West African Ebola death toll hits 932

Liberia shuts down hospital where several staff are infected

A Liberian woman washes her hands at the Women in Peace building program (WIPNET) sensitisation booth in Monrovia, Liberia. The country shut a hospital where several staff were infected yesterday. Photograph: Ahmed Jallanzo/EPA

A Liberian woman washes her hands at the Women in Peace building program (WIPNET) sensitisation booth in Monrovia, Liberia. The country shut a hospital where several staff were infected yesterday. Photograph: Ahmed Jallanzo/EPA


Health workers in west Africa appealed yesterday for urgent help in controlling the world’s worst Ebola outbreak as the death toll climbed to 932 and Liberia shut a hospital where several staff were infected, including a Spanish priest.

The outbreak of the haemorrhagic fever has overwhelmed rudimentary healthcare systems and prompted the deployment of troops to quarantine the worst-hit areas in the remote border region of Guinea, Liberia and Sierra Leone.

The World Health Organisation (WHO) reported 45 new deaths in the three days to August 4th. Its experts began an emergency meeting in Geneva yesterday to discuss whether the epidemic constitutes a “Public Health Emergency of International Concern” and to consider new measures to contain it, including the possible use of experimental drug treatments.

“This outbreak is unprecedented and out of control,” said Walter Lorenzi, head of medical charity Médecins Sans Frontières (MSF) in Sierra Leone. “We have a desperate need for other actors on the ground – not in offices or in meetings – but with their rubber gloves on, in the field.”

International alarm at the spread of the disease increased when a US citizen died in Nigeria last month after flying there from Liberia. The health minister said yesterday that a Nigerian nurse who had treated the deceased Patrick Sawyer had also died of Ebola, and five other people were being treated in an isolation ward in Lagos, Africa’s largest city.

With doctors on strike, Lagos health commissioner Jide Idris said volunteers were urgently needed to track 70 people who had come into contact with Sawyer. Only 27 have so far been traced.

In Saudi Arabia, a man suspected of contracting Ebola during a recent business trip to Sierra Leone also died early yesterday in Jeddah, the Health Ministry said. Saudi Arabia has already suspended pilgrimage visas from west African countries, which could prevent those hoping to visit Mecca for the Haj in early October.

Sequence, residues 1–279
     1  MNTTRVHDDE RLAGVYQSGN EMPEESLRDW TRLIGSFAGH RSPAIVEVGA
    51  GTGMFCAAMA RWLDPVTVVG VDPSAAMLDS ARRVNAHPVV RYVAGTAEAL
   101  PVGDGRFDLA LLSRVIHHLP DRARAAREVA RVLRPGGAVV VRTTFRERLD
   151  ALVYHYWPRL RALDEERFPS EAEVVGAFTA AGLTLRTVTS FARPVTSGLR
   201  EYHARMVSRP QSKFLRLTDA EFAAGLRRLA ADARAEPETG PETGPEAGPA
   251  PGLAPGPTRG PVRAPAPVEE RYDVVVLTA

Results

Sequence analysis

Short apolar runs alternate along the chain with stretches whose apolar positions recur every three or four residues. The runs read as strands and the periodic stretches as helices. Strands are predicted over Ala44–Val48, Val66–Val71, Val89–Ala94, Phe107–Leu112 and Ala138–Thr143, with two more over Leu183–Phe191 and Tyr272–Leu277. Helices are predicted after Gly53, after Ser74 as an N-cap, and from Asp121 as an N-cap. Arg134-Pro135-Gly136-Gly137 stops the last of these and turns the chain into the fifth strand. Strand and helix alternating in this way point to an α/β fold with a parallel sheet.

Liberia, where the death toll is rising fastest, is struggling to cope. Many residents are panicking, in some cases casting out the bodies of family members onto the streets of Monrovia to avoid quarantine measures.

Beneath heavy rain, ambulance sirens wailed through the otherwise quiet streets of Monrovia yesterday as residents heeded a government request to stay at home for three days of fasting and prayers.

“Everyone is afraid of Ebola. You cannot tell who has Ebola or not. Ebola is not like a cut mark that you can see and run,” said Sarah Wehyee as she stocked up on food at the local market in Paynesville, an eastern suburb of Monrovia.

St Joseph’s Catholic hospital was shut down after the Cameroonian hospital director died from Ebola, authorities said. Six staff subsequently tested positive for the disease, including two nuns and 75-year old Spanish priest Miguel Pajares, who is due to be repatriated by a special medical aircraft.

Spain’s health ministry denied that one of the nuns – born in Equatorial Guinea but holding Spanish nationality – had tested positive for Ebola. The other nun is Congolese.

“We hope they can evacuate us. It would be marvellous, because we know that, if they take us to Spain, at least we will be in good hands,” Pajares told CNN in Spanish this week.

Healthcare workers are in the front line of fighting the virus. Two US health workers from Christian medical charity Samaritan’s Purse caught the virus in Monrovia and are now receiving treatment in an Atlanta hospital.

The two saw their conditions improve by varying degrees in Liberia after they received an experimental drug, a representative for the charity said.

Three of the world’s leading Ebola specialists urged the WHO to offer people in west Africa the chance to take experimental drugs, too, but the agency said it “would not recommend any drug that has not gone through the normal process of licensing and clinical trials”. A spokesman for the Liberian government said it would be willing to allow in-country clinical trials. – (Reuters)